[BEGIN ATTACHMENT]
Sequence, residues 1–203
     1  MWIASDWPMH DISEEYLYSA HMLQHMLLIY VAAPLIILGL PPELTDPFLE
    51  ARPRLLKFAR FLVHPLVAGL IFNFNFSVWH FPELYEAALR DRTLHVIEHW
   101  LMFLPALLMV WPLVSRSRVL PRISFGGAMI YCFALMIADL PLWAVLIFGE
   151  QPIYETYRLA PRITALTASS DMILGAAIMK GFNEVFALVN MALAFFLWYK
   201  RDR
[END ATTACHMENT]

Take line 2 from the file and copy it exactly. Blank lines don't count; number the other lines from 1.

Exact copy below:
     1  MWIASDWPMH DISEEYLYSA HMLQHMLLIY VAAPLIILGL PPELTDPFLE